Bob Davidson’s awful umpiring is finally getting the attention it deserves

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I’m glad to see that prominent media members are starting to focus on the fact that Bob Davidson is one of the worst and definitely the most confrontational umpire in baseball.

Last year Bernie Miklasz of the St. Louis Post Dispatch ripped into Davidson with a well-done column describing the umpire’s lengthy history of wrong calls and attention-seeking behavior, and now John Lott of the National Post has penned a similar column following Davidson’s latest “incident” with the Blue Jays yesterday.

Lott notes that Davidson led all MLB umpires with 10 ejections last season, points out his incredible propensity to call balks on pitchers, and explains how his tendency to “squat” more than any other umpire leads to a questionable strike zone when he’s behind the plate.

I can’t even begin to count the number of times over the years I’ve heard of an umpire-related incident and been right assuming it involved Davidson. Being a bad umpire is one thing, but being aggressively bad is what really drives me–and an increasing number of people, apparently–crazy when it comes to Davidson.

Jered Weaver dealing with “dead arm”

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Padres starter Jered Weaver lasted just two-thirds of an inning in Wednesday afternoon’s Cactus League appearance against the Royals. He yielded four runs on three hits, throwing 31 pitches before getting pulled. His spring ERA now sits at an ugly 10.13.

Weaver said he’s been dealing with a “dead arm” since his last bullpen session, but added he’s dealt with the issue in previous springs, Dennis Lin of the San Diego Union-Tribune reports.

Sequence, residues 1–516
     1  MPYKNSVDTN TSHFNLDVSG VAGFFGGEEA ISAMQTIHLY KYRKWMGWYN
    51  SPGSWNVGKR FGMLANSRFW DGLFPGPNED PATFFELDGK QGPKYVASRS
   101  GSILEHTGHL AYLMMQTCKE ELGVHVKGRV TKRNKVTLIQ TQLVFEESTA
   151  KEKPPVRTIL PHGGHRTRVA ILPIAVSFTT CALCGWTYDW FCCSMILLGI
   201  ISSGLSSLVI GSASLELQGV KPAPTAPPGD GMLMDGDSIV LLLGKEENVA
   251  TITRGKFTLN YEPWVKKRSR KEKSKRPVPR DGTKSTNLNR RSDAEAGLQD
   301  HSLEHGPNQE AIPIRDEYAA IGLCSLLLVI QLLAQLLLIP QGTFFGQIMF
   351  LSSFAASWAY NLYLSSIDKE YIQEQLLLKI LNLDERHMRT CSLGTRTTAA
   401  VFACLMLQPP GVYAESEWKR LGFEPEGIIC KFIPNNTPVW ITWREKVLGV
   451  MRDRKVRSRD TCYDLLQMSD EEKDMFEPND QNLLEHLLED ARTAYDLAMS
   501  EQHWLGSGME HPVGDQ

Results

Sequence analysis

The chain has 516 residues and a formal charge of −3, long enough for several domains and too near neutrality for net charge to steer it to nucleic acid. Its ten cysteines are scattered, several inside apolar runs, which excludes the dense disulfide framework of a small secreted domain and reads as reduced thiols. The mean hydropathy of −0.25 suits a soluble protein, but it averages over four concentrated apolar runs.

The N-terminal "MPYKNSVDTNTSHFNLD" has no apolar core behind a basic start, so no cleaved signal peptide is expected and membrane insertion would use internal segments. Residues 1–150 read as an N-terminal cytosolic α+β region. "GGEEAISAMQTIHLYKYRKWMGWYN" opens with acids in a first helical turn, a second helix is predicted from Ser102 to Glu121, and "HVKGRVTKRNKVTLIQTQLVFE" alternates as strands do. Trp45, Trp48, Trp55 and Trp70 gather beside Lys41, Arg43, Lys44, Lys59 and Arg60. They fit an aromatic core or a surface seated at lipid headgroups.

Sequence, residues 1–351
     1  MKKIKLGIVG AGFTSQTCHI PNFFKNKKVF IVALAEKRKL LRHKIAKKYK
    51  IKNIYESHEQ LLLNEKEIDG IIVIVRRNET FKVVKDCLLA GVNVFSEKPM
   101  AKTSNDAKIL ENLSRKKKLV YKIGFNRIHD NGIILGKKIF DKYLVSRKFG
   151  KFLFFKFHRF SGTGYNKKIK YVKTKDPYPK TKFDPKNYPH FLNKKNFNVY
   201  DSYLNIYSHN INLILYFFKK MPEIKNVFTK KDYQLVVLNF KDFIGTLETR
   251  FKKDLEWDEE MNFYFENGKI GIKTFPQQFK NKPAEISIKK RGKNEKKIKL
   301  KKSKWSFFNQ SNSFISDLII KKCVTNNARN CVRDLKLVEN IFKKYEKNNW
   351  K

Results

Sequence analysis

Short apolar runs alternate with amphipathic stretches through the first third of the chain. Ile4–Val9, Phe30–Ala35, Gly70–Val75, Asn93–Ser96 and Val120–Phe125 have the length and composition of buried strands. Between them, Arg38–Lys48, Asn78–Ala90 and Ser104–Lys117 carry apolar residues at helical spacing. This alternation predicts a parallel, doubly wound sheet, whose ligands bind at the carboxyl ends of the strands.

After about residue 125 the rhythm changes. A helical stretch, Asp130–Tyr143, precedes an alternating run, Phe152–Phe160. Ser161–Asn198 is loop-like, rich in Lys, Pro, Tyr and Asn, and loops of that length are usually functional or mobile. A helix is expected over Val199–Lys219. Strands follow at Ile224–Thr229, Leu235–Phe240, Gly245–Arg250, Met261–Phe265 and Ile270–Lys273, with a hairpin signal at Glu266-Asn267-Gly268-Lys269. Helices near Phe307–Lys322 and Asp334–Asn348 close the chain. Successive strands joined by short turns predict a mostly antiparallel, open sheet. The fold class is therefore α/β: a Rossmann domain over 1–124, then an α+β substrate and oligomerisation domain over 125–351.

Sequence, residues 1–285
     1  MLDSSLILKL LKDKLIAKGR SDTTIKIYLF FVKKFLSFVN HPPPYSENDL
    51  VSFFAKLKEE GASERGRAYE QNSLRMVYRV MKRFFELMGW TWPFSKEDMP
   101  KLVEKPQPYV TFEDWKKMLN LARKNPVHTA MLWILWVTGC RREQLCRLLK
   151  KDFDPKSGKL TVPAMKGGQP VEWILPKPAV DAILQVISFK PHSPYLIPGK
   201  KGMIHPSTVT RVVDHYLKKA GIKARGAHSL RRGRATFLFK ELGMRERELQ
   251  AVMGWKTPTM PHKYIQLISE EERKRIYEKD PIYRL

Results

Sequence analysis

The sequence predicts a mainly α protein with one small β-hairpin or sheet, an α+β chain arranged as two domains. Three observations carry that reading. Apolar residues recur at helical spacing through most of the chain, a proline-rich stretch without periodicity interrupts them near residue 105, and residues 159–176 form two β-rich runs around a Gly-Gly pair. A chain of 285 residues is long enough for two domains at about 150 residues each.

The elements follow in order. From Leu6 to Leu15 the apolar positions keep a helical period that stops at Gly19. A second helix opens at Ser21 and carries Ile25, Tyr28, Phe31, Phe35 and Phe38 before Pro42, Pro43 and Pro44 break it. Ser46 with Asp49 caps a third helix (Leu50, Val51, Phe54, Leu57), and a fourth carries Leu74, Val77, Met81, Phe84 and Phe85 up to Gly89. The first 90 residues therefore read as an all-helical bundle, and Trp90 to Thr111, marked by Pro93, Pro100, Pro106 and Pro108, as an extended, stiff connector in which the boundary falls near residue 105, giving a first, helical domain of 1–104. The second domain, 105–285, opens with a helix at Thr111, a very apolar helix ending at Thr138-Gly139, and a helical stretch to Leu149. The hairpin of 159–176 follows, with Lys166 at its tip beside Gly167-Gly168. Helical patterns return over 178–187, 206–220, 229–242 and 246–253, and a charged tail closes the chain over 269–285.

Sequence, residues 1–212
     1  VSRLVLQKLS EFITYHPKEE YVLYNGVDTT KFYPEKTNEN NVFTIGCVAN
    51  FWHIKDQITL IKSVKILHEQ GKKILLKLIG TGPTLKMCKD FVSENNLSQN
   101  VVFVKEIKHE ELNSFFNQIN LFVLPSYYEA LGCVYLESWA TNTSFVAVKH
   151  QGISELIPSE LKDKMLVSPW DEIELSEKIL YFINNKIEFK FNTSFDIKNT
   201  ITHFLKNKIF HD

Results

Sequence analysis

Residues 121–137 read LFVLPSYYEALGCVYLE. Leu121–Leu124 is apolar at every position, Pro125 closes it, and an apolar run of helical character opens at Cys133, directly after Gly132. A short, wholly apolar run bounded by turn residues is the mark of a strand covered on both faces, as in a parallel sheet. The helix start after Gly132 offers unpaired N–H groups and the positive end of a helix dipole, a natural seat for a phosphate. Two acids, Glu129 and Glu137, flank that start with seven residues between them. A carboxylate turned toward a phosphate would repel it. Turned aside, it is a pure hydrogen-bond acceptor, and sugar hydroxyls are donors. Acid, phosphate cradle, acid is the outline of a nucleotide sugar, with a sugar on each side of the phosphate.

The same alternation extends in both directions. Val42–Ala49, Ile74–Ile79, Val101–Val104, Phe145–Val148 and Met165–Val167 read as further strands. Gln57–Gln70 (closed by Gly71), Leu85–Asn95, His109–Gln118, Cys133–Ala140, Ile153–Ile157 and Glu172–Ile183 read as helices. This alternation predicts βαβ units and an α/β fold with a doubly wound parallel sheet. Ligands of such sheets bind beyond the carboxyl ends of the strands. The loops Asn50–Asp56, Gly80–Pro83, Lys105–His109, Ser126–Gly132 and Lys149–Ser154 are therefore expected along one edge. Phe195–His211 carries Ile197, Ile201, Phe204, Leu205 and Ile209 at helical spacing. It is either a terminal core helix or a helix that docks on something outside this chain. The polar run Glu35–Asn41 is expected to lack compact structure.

The Padres signed Weaver to a one-year, $3 million contract last month. The right-hander is coming off of the worst season of his 11-year career. His fastball averaged a career-low 83 MPH and he put up a 5.06 ERA with a 103/51 K/BB ratio in 178 innings.

Ian Kinsler doesn’t think Puerto Rico or Dominican Republic players play the game the right way

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Update: Whoops…

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Earlier, Craig wrote about Dan Duquette’s dogwhistle language in his criticism of Blue Jays outfielder Jose Bautista. We have some more dogwhistling, this time coming from Tigers (and Team U.S.) second baseman Ian Kinsler. Via Billy Witz of The New York Times:

I hope kids watching the W.B.C. can watch the way we play the game and appreciate the way we play the game as opposed to the way Puerto Rico plays or the Dominican plays. That’s not taking anything away from them. That just wasn’t the way we were raised. They were raised differently and to show emotion and passion when you play. We do show emotion; we do show passion. But we just do it in a different way.

The goal of the World Baseball Classic, created by Major League Baseball, is to promote baseball across the globe. It’s players like Puerto Rico’s Javier Baez who are doing the best job in that regard, not boring white guys from the U.S. Potential baseball fans are not swayed into liking the sport when a player hits a home run and solemnly puts his head down to stroll the bases. They get excited and energized when players show emotion, flip their bats, celebrate. Baez did more to make baseball appeal to new and lapsed audiences with his premature celebration tag than the entire U.S. team has done this tournament.

Furthermore, it is hypocritical to want to diversify the sport’s audience while squelching incoming cultures.

Jim Leyland also got in on the action:

Go Puerto Rico.